Iowa's Uthoff sizzles in fifth straight victory

Hawkeyes bury Penn with big effort from sophomore transfer

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IOWA CITY -- Now we know why Bo Ryan restricted Jarrod Uthoff from contacting 26 schools 18 months ago.

Uthoff, a 6-foot-9 sophomore, scored a game-high 19 points on 6-of-7 shooting to pace Iowa (5-0) to its fifth straight win, 86-55, against Pennsylvania (1-3) on Friday at Carver-Hawkeye Arena.

Uthoff, a 6-foot-9 forward, transferred from Wisconsin and Ryan in 2012 and ultimately landed at Iowa. After sitting out for a season, Uthoff has worked off the rust and has become an offensive threat. He scored nine points in the first half† and added 10 after halftime. He also provided the game's signature play with a dunk that sent his teammates into a frenzy.

With 8:15 left in the first half, Uthoff drove the baseline just right of the basket. He elevated and vaulted over Pennís Cameron Gunter, who tried to stop Uthoff's momentum. Instead Uthoff threw it down, and Gunter was hit with a foul.

"That was nasty," Iowa guard Devyn Marble said. "That was definitely up there with my top three or five that Iíve seen in person. That was definitely impressive.

"Heís just so long. You really donít realize it until heís up there how long he really is."

Uthoff, a Cedar Rapids Jefferson graduate, smiled but was at a loss for words when asked to describe the dunk.

"I just drove baseline and Gabe (Olaseni) set a screen for me," Uthoff said. "I donít know what happened.

"I saw it go in."

The dunk was an exclamation point to Uthoff's overall performance, but he did way more than drop a hammer on one possession. He finished with four rebounds, two assists, two turnovers, a steal, a block and no fouls in 21 minutes. He tossed inside to an open Aaron White that led to a three-point play early in the second half. He followed later with a jumper and a 3-pointer on back-to-back possessions to give Iowa a 20-point lead.

"He's got a really unique game, and he has strengths in every area," Iowa Coach Fran McCaffery said. "So the key for him and what I try to tell him is just go do all the things that you do. So sometimes it's 3-point shooting, sometimes it's driving, sometimes it's rebounding in traffic, pushing the ball on the break, making a play for somebody else. Sometimes it's blocking a shot.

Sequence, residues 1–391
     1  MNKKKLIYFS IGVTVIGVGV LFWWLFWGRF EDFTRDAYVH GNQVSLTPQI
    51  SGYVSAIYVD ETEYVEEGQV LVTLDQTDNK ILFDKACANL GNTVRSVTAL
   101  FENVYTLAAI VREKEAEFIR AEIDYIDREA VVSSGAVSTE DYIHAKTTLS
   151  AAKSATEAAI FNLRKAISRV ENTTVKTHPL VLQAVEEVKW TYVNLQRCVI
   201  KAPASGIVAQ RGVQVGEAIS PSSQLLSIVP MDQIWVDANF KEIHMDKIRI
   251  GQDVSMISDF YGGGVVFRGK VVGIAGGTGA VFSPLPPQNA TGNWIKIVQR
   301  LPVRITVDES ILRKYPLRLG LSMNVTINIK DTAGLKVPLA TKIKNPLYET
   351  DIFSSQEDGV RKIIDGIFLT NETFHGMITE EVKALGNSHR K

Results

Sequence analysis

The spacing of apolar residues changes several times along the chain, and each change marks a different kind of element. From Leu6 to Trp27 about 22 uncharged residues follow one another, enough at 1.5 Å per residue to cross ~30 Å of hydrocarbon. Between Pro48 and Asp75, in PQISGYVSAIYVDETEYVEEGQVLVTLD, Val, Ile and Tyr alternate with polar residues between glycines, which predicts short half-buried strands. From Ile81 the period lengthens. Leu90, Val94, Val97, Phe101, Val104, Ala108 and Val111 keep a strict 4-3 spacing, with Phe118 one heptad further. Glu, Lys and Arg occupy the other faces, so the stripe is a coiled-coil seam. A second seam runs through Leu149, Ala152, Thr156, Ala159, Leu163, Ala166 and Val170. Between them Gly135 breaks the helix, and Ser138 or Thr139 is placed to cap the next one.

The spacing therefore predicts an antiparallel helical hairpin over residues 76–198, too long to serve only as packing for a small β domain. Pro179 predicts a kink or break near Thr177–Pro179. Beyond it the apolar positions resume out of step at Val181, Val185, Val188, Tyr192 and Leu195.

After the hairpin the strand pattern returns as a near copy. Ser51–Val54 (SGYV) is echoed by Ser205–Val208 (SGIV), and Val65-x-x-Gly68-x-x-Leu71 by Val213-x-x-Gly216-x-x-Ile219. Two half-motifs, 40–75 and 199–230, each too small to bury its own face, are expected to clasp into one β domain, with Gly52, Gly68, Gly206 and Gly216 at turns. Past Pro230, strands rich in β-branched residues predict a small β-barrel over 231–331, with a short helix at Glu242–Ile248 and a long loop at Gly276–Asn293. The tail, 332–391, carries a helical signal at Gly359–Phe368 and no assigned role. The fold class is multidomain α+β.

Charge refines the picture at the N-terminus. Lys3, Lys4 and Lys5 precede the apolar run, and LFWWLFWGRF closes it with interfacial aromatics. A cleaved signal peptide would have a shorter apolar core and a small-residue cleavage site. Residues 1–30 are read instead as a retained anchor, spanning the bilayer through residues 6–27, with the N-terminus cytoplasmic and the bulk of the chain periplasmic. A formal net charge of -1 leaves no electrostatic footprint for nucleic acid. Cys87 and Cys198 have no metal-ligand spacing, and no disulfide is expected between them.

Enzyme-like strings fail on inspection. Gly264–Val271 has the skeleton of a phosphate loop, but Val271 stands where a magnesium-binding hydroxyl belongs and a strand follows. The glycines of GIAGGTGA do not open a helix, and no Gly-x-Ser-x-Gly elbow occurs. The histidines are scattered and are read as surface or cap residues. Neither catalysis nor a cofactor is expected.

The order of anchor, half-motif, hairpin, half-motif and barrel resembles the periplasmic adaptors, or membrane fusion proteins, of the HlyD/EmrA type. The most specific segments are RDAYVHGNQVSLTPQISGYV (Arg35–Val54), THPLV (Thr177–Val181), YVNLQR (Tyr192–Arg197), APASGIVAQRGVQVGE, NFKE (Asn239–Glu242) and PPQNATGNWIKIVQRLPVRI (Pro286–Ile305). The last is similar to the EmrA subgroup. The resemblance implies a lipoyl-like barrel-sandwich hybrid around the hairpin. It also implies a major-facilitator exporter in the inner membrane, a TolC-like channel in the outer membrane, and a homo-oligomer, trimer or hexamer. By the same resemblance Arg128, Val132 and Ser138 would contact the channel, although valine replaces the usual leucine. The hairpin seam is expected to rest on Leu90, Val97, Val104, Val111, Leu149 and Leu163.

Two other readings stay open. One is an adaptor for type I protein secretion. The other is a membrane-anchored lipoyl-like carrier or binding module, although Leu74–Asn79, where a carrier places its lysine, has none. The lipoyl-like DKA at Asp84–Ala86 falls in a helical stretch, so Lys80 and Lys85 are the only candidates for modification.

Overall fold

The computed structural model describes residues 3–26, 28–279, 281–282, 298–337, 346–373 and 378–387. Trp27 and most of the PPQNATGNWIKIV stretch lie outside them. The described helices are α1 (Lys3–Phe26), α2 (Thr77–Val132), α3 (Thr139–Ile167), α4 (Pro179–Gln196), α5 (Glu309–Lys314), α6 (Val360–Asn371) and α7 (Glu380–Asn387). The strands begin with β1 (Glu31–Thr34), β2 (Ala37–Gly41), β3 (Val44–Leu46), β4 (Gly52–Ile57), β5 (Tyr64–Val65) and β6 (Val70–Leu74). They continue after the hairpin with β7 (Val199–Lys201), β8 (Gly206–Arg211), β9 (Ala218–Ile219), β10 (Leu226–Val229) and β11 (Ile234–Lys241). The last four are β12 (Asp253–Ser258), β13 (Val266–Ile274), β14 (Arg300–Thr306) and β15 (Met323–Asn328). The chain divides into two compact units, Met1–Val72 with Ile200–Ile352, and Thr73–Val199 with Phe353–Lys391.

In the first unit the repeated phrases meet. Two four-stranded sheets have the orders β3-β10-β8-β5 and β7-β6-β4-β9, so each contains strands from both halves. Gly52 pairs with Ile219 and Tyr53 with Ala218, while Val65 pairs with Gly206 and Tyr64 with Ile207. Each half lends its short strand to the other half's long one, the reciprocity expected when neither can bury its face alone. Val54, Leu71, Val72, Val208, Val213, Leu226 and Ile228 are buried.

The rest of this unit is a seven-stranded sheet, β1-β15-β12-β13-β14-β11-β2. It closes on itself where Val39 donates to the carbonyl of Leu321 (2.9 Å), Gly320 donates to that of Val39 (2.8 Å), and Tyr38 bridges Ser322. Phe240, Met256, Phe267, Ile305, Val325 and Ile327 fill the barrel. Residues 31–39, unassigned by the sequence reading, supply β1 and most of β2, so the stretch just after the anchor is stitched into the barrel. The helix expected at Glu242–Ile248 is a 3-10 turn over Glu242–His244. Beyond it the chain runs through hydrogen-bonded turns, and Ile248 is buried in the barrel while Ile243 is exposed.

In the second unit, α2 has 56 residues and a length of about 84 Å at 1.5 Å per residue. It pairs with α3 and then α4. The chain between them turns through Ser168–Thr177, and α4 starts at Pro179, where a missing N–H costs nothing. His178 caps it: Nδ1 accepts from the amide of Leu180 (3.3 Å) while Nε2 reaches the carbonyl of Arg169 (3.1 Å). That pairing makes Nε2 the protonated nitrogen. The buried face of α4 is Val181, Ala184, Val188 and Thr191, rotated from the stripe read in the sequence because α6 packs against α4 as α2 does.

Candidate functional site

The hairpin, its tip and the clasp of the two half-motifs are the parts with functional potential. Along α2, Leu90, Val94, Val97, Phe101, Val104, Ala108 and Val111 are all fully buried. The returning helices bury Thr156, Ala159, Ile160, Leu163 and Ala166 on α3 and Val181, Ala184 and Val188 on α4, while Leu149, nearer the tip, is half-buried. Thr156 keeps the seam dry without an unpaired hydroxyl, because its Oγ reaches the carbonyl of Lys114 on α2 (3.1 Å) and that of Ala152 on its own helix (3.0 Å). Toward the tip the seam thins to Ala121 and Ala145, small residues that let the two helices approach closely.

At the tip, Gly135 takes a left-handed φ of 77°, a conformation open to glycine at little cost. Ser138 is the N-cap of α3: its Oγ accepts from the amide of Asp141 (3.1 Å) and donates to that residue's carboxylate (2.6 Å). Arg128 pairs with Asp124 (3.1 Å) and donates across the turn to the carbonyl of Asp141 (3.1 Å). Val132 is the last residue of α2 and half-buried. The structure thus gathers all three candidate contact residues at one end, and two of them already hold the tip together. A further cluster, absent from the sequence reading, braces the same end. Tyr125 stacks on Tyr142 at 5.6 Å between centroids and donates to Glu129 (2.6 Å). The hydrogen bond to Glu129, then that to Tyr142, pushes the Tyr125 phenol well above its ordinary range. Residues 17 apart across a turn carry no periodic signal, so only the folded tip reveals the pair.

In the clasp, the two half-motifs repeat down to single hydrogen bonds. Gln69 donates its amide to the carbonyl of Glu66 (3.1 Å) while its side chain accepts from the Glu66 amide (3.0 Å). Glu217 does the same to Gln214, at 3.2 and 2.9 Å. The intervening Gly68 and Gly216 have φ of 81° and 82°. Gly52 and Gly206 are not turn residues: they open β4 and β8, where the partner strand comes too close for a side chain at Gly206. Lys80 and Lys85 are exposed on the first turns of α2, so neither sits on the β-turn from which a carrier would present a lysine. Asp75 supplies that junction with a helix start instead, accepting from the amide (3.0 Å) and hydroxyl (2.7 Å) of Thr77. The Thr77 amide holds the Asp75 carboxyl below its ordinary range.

"His length helps him in so many ways. I mean, to block obviously, but typically defensively even more so. But the most important thing about him is he has no panic in his game. He just plays. If they're in zone, I'll do this. If they're in man, I'll do that. If it's a running game, I'll react accordingly. But I think that's the beauty of who he is."

Uthoff even brought the ball up the court and broke down a defender in front of the 3-point line. It's that versatility and poise that amplifies his skill set.

"Nothing rattles him," McCaffery said. "He reacts to quickness. If you put a small guy on him, he reacts to size. If they put a bigger, stronger guy on him, he's just going to move around and figure it out."

Uthoff stepped up offensively when his teammates were struggling. The Hawkeyes shot just 35.7 percent from the floor in the second half and missed their first six shots from the field.

"He did a really good job," said Iowa guard Devyn Marble, who grabbed a career-high six steals. "He got us going offensively. We needed that spark (Friday).

"A lot of us were struggling to even get layups to go in. That was uncharacteristic across the board. When it does happen, guys like Jarrod stepped up."

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